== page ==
To Kenma, Kuroo was always bright.
A laughable contrast to the nickname he'd bestowed upon the elder, but bright nonetheless.
Not bright, like the way Hinata shone, beaming from inside out with the radiance of a thousand suns in both energy and spirit.
Not bright, so much so Kenma'd have to squint to see him; but rather a low key radiating warmth, a kind of light unable to be described in simple words and letters, only with a feeling that came from the bottom of Kenma's stomach, the like of which is easily compared to eating sour apple pie or getting a new game.
A kind of warmth, of brightness that doesn't light up anyone else's room but Kenma's.
(the brightness glows just a teeny bit more when Kenma spots the lilting curve of Kuroo's lips; when Kuroo leans into Kenma's touch.)
But Kuroo only really shone, in the times he expressed himself fully.
Like when he hit a perfect spike to Kenma's perfect toss, the thump resounding the gym and Nekoma's cheers ringing in his ears.
Like when he managed to snatch the yakisoba bread in the school canteen, childishly sticking his tongue at Lev who was just a step too late.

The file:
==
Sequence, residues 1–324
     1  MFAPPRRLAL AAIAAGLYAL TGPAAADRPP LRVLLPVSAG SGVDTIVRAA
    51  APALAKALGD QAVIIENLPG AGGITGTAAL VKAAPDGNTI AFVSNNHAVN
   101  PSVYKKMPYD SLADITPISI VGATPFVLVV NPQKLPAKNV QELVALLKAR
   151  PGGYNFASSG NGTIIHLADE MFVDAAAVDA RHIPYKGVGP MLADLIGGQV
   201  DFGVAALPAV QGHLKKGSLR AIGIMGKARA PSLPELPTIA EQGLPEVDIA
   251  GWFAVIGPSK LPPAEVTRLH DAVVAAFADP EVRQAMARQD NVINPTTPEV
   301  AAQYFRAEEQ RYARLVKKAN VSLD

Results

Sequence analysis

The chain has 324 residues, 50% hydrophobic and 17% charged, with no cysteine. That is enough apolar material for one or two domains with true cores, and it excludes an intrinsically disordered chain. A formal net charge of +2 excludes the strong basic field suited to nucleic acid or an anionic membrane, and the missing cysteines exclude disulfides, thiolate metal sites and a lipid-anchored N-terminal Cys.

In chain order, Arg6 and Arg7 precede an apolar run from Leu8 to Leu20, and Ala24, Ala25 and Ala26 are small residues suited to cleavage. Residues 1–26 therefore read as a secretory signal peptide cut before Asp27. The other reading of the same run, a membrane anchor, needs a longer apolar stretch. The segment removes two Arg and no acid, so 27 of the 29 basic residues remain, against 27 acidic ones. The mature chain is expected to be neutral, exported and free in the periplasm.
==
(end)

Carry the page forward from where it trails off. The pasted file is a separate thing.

Like when he locked eyes with Karasuno's middle blocker whose name and personality reflected that of the moon.
(Kenma feels something in him twist then, feels his chest get tight and his breathing stutters just a moment, when Kuroo's lazy gaze turns sharp, mouth curves into something resembling the first time the personal time difference attack worked;
Kenma thinks he's lost something then.)
(he just doesn't realise what it is yet)
Kuro receives his first Valentine in middle school; a card cut into the shape of a heart, painstakingly decorated with lace and glitter, placed neatly into a pink-white striped paper bag next to a box of homemade white chocolates.
He laughed, showing it to Kenma–or rather, shoving it in Kenma's face–during lunch, asking him if he wanted a piece.
Kenma had shook his head, nose crinkling in what he back then believed was disgust at Kuroo's insensitivity to the poor girl's feelings.